Planning on some cold day jaunts with your camera? There’s plenty of cold weather advice on the web, but the in-house landscape adventurers at SmugMug, the world’s largest independent photo sharing website, offered to share some of the more practical tips to help you stay focused on having a good time. From one photo lover to another, it’s about getting the shot and having fun – not freezing your fingers off.
Here’s what they said.
1) Keep Those Hands Warm
Your hands are the second-most important part of you in photography (after your eyes), so treat them well. There are many kinds of gloves that keep your appendages toasty while still giving you tactical function: traditional, fingerless, convertible mitten/glove, or just regular gloves that you remove to hit the shutter. Go to the shops, try them out, and find what works best for you and your shooting style. As a bonus, get a couple of chemical hand-warmer packets and throw them into your pockets.
2) Hold Your Breath
It’s fun to exhale plumes of smoke like a dragon in winter, but you probably don’t want this getting into your shot. If it’s frosty out and you’re trying to capture clear, pristine views, hold your breath when you hit the shutter to be sure you’re not polluting the pic!
3) Bag It! (Your camera, that is)
Your house is significantly warmer (and damper) than the naked outdoors, and this can wreak havoc with your camera when you come inside. When you’re finished shooting, try sealing your camera in a plastic bag, pack it away, and wait for it to come to ambient temp after you get inside. Why? A cold camera in a warm room can cause moisture in the air to condense into water droplets, which is a risk your inner electronics probably don’t want to take.
4) Beware the Tripod
Given how tripods are a bit of an investment, we don’t recommend that you go out and buy a new one just to shoot in the cold. But if you are shopping for one and plan on doing a lot of winter landscapes, certain materials like carbon fibre don’t get as cold when you grab them. The last thing you need are sweaty palms that get you stuck when you’re packing up! If you do have a traditional metal tripod, try wrapping the legs with insulating fabric where you grab them, or cover the parts closest to the ground in plastic to prevent salt, water, and other damage.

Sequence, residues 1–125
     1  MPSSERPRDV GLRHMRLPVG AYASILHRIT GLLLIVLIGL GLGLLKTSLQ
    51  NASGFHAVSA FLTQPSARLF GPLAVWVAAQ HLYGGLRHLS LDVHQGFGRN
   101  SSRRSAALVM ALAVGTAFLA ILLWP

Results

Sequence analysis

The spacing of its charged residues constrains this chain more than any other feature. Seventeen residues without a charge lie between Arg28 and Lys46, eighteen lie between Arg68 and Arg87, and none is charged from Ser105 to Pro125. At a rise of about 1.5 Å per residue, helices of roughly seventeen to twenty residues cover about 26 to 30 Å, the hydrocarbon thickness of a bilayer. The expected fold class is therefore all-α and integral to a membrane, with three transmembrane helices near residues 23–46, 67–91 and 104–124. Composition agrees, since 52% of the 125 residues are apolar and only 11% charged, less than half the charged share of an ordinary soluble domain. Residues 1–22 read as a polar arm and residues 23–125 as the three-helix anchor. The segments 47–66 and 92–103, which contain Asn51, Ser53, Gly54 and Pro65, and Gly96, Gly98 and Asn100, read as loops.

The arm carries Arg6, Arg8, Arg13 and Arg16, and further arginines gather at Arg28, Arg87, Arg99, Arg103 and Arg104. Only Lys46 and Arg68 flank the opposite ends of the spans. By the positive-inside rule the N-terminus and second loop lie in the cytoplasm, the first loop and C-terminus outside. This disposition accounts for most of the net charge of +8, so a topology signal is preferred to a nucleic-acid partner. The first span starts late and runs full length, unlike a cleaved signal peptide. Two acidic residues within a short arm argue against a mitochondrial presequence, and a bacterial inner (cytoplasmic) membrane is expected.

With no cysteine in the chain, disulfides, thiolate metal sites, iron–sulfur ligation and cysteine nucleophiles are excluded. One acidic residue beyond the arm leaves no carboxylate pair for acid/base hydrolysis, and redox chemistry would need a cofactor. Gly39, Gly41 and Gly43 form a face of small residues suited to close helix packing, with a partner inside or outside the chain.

Way-over-the-top tip: If you’re super hardcore, wood tripods are a great compromise between cold resistance and vibration stabilization. It’s not likely you’ll be spending your winter standing in icy rivers, but if you were, we hear wood is the way to go.
5) Plan Ahead
If you know what you’re doing, you’re less likely to scramble. And this is especially important in uncomfortable situations like bone-freezing cold, so plan your shoot as best you can. Scout the location, check the weather and sunrise/sunset times, keep cables and cards within reach, and have an idea of the final image so you bring just the gear you need. The less time you spend switching lenses or moving around, the more time you can spend focusing on your shot. (Plus, it’ll probably be dark.)
6) Thaw Properly
When you’re done, don’t forget to come indoors and sip a hot chocolate while you edit, upload, and share your photos. We’ll argue that this is the most important step of all. Stay warm and creative this winter!
All photos courtesy of SmugMug